The Volume 1 ‘culminates’ in the Yemen Civil War of 1994. This little known, bitter conflict pitted the two Yemeni air forces against each other, and ended with the demise of South Yemen. It was this war that created Yemen as we known it today: a country nominally ruled from Sana’a, but actually dominated by Saudi interests, and one that became a playground of multiple foreign powers.

Hot Skies Over Yemen. Volume 1: Aerial Warfare Over the Southern Arabian Peninsula, 1962-1994 by Tom Cooper is available to preorder here.

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For budding authors and more! OPEN BOOK 2017: The brand new Literary Festival for Hitchin – Saturday 29 July 2017

By Allan Esler Smith

I am part of the Group organising the inaugural Open Book 2017 at British Schools Museum and we have a significant ‘history’ content in the day.

Please see some detail below on one of my talks on my new book Theirs is the Glory. Arnhem, Hurst and Conflict on Film, published by Helion and Company, and then information on everything else relating to this event.

I’m really looking forward to the event and delighted to have Hugh Bicheno joining me to talk about Arnhem and Conflict on film. Hugh is an historian of conflict who has published ten books ranging from the Falklands War (Razor’s Edge) to his latest, a two-book account of the War of the Roses. He was born in Cuba and went to school in Chile and Scotland, and to the University of Cambridge. He was an intelligence officer for eight years and a kidnap negotiator in Italy and Latin America for 15. He wrote a brief account of the Arnhem campaign for the book ‘Battlefields of the Second World War’ by his lifelong friend the late Richard Holmes in 2002.

Some folk may know my side of the story:  I look after the Estate of Brian Desmond Hurst, one of the greatest film directors to come out of Ireland. Hurst directed Scrooge and Tom Browns Schooldays and 28 other films; the list includes an impressive catalogue of war films. At the top of the list is Theirs is the Glory – a 1946 film about the Battle of Arnhem. I believe it is the greatest war film ever made in the UK because it ooozes authenticity but is now rarely screened. My new book Theirs is the Glory. Arnhem, Hurst and Conflict on Film, co-authored with Arnhem expert David Truesdale, looks at how my Uncle, an infantry private, survived the slaughter of Gallipoli then trained as an artist and went on to use film as his vast canvas for interpreting and portraying warfare.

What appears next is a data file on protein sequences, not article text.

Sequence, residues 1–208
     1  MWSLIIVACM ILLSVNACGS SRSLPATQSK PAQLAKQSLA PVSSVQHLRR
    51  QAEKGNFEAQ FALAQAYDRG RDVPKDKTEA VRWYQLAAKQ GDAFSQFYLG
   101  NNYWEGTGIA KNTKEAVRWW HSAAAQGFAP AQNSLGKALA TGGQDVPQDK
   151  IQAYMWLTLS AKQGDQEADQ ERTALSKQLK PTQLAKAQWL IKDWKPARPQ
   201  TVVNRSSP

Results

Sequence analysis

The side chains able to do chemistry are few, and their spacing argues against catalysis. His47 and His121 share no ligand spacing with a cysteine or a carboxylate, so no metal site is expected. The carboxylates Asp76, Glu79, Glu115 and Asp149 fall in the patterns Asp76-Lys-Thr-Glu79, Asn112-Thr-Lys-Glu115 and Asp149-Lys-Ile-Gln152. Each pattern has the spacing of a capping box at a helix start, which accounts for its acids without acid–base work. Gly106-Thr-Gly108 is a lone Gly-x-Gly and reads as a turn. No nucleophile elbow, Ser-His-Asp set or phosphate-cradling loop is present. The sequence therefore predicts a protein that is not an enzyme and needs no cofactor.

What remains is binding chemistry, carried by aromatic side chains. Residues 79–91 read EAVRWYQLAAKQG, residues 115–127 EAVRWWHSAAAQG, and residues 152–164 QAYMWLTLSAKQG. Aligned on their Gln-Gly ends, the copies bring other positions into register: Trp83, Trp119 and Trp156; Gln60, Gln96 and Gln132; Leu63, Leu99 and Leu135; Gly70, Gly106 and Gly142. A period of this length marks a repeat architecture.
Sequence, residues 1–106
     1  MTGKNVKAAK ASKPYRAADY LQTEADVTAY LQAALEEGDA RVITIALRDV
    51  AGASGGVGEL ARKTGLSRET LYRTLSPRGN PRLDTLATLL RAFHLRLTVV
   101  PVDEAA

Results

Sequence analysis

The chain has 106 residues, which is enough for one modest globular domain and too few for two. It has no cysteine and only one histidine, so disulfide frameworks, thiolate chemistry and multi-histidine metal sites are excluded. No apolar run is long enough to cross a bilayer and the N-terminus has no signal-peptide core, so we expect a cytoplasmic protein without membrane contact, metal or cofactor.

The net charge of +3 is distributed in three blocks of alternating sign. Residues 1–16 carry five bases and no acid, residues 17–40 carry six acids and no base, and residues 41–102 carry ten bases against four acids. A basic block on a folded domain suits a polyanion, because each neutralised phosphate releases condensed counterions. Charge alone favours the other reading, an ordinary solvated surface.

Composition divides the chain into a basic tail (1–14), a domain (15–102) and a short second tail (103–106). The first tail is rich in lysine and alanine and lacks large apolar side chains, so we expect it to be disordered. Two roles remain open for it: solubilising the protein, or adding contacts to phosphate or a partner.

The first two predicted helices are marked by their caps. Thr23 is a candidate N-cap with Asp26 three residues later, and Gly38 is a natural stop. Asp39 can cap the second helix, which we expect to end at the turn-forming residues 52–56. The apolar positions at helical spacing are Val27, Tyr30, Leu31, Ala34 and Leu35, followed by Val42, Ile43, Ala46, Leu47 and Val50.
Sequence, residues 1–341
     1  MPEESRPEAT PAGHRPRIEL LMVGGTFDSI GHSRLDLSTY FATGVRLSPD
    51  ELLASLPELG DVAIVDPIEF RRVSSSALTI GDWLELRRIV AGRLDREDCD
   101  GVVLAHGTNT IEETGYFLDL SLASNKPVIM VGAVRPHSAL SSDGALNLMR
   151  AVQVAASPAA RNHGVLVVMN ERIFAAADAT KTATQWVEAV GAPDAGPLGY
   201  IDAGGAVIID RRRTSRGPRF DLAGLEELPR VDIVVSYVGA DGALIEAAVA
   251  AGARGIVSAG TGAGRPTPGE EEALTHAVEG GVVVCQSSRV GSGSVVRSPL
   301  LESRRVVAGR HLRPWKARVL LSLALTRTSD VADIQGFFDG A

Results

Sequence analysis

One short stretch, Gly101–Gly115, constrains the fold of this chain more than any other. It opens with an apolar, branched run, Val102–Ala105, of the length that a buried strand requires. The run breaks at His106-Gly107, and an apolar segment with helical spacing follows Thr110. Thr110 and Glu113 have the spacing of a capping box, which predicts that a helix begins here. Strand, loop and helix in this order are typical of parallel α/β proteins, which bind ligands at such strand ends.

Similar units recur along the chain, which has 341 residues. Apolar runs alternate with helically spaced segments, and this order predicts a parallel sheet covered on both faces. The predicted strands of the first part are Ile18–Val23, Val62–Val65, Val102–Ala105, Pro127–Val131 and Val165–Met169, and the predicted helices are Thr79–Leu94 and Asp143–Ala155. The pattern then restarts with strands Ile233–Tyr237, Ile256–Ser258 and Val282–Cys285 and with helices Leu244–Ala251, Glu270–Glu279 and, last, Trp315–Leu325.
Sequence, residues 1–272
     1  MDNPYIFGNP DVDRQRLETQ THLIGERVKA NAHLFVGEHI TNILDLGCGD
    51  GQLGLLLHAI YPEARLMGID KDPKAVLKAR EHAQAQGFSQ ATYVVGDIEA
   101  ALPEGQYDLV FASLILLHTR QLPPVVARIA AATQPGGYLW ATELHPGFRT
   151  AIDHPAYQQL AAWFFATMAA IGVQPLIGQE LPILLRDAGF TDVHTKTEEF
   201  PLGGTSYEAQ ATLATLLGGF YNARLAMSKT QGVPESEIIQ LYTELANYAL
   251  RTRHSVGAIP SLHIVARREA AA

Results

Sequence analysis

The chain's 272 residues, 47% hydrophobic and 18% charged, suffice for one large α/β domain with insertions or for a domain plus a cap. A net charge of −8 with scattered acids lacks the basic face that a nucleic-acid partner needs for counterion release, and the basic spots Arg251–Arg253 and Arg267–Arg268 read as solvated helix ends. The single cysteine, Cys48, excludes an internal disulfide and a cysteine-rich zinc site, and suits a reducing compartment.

I am also talking on my other book which hit the Amazon best sellers in its category earlier this year – The Good Retirement Guide 2017. The subject is: ‘Can you retire early rich and happy?’

It’s an all afternoon event with 17 authors, an agent and lots of tips for budding authors in case you have ambitions to publish your first book. So much choice and only £4. More info about all the authors taking part can be found here, and an overview of the programme can be seen below:


Lifestyle Neville Davis The Dangers, Limitations & Fascinations of Family History Research

Creative Owen Knight Young Adult Fiction: Writing, Getting Published and Beyond

History Jon Beattiey The hidden depths – behind the bookshelf


Lifestyle Ella Kahn (agent) How to Hook an Agent

History Hugh Bicheno Hertfordshire – Battleground of the Wars of the Roses

Creative Rowena M Love School Days: Poetry Workshop

Kids Andrea Shavick Grandma Was Eaten By A Shark!


Lifestyle Allan Esler Smith Can you retire early, rich and happy?

History Dr J D Davies Don’t Mention Jack Sparrow: the Best (and Worst) Sea Stories

Creative Julie Stock My Journey from Complete Beginner to Self-Published Author

Kids Andrea Shavick Grandma Was Eaten By A Shark!


Lifestyle Terry Gillen You Can Do It: 7 Ways to Unlock The More Confident You

History Jane Dismore Royals, Rebels and Aristocrats

Creative J.S. Watts Writing with your senses: Creative Workshop


Lifestyle Simon Michael “Murder. It’s a living.”

History Hugh Bicheno & Allan Esler Smith The battle of Arnhem and conflict on film

Creative D A Adamson The Joys and Sorrows of Self-Publishing


Lifestyle David Lister Dr Johnson’s blockheads

Lifestyle Wendy Berliner Great minds and how to grow them

Creative Rowena M Love & J.S. Watts Chalk and Cheese: A fun interative poetry reading

 All day Banter Carol Deacon Cake Characters: Demonstrating the ‘icer’ things in life

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Passchendaele: The Forgotten Last Act

With the centenary of the Third Battle of Ypres (31 July-10 November 1917), popularly known as ‘Passchendaele’, imminent, most people remain unaware that the last attack of the controversial campaign actually occurred on 2 December 1917.

Launched on the orders of the British Second Army, the subordinate VIII Corps and II Corps were tasked with overseeing a night operation north and north-west of Passchendaele village following relief of Canadian Corps by the former formations on 18 November.